NEW YORK -- Defense attorneys told a court Tuesday that financier Jeffrey Epstein obtained a foreign passport decades ago out of fear that he might be kidnapped in the Middle East, seeking to allay concerns over the apparently phony travel document.
Prosecutors have said the passport was under an alias. They have pointed to it and dozens of diamonds hidden in a safe — both discovered following Epstein's arrest— as a further warning sign that the convicted sex offender would try to flee the country if granted bail on federal sex trafficking charges.
But defense attorneys said the passport expired 32 years ago, adding prosecutors have offered no evidence Epstein ever used it.
The defense wrote in court papers that Epstein, "as an affluent member of the Jewish faith," acquired the passport in the 1980s "in connection to Middle East travel."
"The passport was for personal protection in the event of travel to dangerous areas, only to be presented to potential kidnapers, hijackers or terrorists should violent episodes occur," they wrote.
Prosecutors have said the passport listed a Saudi address and contained a photograph of Epstein and an alias. Authorities are investigating whether the passport is "genuine or fabricated," the U.S. Attorney's Office said in a court filing Tuesday.
Epstein faces federal charges of sexually abusing dozens of underage girls in the early 2000s. His indictment, unsealed last week, shows conspiracy and sex trafficking charges that could result in up to 45 years in prison if convicted. He has pleaded not guilty.
Epstein's defense team wrote that it was not able to meet a Tuesday deadline to provide a breakdown of Epstein's finances to U.S. District Judge Richard Berman.
They described Epstein's finances as "fairly complex" but said they would have an accountant provide a "comprehensive forensic accounting" of Epstein's assets.
In the meantime, they said that Epstein's brother, Mark, is prepared to sign a bond "in the full amount of his own net worth, which exceeds $100 million," to secure Epstein's pre-trial release.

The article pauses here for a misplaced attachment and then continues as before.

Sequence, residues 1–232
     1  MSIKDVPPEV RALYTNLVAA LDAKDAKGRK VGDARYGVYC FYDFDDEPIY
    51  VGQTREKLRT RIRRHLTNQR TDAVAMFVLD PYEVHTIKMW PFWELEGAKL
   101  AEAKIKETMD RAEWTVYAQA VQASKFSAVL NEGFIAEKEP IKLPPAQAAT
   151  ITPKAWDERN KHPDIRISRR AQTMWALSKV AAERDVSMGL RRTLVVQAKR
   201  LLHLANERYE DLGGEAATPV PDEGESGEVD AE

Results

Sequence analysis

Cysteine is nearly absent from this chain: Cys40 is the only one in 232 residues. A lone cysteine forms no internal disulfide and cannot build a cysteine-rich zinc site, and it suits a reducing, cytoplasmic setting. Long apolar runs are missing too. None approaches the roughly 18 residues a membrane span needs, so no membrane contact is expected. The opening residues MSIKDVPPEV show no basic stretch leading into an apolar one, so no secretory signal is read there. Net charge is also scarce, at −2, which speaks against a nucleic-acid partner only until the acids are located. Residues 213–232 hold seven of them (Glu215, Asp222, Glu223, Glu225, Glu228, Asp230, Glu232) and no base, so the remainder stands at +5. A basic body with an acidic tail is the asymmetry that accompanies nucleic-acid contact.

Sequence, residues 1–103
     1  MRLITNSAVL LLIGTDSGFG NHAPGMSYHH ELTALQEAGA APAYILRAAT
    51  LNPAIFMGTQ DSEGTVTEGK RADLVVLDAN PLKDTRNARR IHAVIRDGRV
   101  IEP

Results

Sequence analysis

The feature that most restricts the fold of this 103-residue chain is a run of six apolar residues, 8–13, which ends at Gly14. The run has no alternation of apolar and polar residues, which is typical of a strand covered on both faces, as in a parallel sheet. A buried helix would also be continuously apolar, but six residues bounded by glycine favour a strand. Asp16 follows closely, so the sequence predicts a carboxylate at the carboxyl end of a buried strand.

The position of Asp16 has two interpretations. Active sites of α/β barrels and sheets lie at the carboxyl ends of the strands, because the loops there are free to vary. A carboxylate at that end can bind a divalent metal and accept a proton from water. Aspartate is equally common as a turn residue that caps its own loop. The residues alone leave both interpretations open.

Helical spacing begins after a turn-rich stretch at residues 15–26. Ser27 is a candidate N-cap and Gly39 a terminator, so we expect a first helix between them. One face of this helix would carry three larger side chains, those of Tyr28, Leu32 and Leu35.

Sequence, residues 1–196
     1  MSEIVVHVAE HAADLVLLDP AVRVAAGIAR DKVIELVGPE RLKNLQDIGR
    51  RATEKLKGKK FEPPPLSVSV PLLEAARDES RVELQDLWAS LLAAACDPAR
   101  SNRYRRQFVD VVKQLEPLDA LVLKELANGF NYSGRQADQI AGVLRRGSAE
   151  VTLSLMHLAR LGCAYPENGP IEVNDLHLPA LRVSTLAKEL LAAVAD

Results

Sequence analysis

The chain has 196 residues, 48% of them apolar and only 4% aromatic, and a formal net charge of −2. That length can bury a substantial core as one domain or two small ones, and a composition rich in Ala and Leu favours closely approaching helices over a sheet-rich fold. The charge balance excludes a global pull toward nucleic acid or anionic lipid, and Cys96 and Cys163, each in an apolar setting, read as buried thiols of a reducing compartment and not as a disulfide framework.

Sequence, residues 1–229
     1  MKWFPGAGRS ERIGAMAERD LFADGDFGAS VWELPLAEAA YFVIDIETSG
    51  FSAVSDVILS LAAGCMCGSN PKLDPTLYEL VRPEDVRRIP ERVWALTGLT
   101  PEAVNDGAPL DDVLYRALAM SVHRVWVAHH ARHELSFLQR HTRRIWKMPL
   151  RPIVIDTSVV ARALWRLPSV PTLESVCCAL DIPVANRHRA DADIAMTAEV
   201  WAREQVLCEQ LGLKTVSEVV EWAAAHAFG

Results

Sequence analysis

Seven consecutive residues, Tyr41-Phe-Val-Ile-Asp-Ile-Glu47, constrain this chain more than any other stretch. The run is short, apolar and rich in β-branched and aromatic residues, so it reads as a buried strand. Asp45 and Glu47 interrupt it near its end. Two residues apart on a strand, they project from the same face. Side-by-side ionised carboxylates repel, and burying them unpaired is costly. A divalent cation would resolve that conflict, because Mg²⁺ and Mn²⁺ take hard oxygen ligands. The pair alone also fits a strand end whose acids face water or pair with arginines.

Prosecutors have argued that Epstein's wealth would make it easier for him to flee prosecution. They've pointed to his private planes and international residences, describing him as a man of "nearly infinite means."
The prosecution offered more details in its latest filings about the contents of the safe that contained Epstein's foreign passport. In addition to more than $70,000 cash, it also contained 48 loose diamond stones and a diamond ring.
"Such ready cash and loose diamonds are consistent with the capability to leave the jurisdiction at a moment's notice," prosecutors wrote in their court filing.
The dueling court filings came as one of Epstein's accusers spoke publicly for the second time in as many days, urging other women to come forward with allegations against the wealthy financier.
Courtney Wild told reporters at a news conference in New York that Epstein "will never stop sexually abusing children until he is in jail."
"We will not get justice until you speak out," Wild said, addressing anyone who believes they have been abused by Epstein. "You are not alone, and this was not your fault."
Wild's remarks came a day after she urged Berman to deny Epstein bail. She said Epstein started sexually abusing her when she was 14 in Palm Beach, Florida.
Wild's accusations are not part of the federal indictment unsealed last week in Manhattan.
Epstein's attorneys have argued the new charges should not have been filed because he signed a non-prosecution agreement with the U.S. Attorney's Office in Miami more than a decade ago that they say covers largely the same ground.
That agreement allowed Epstein to plead guilty to lesser state charges and has been criticized as a sweetheart deal.
Wild and others have sued the Department of Justice over the deal, claiming she and other victims were not informed about the status of the case.
On Tuesday, Wild's attorney, Brad Edwards, described Epstein as someone who recruited, manipulated and sexually assaulted women and girls "like it was his full-time job."
"This was not an addiction he turned on and off when he crossed the borders into Florida," Edwards said.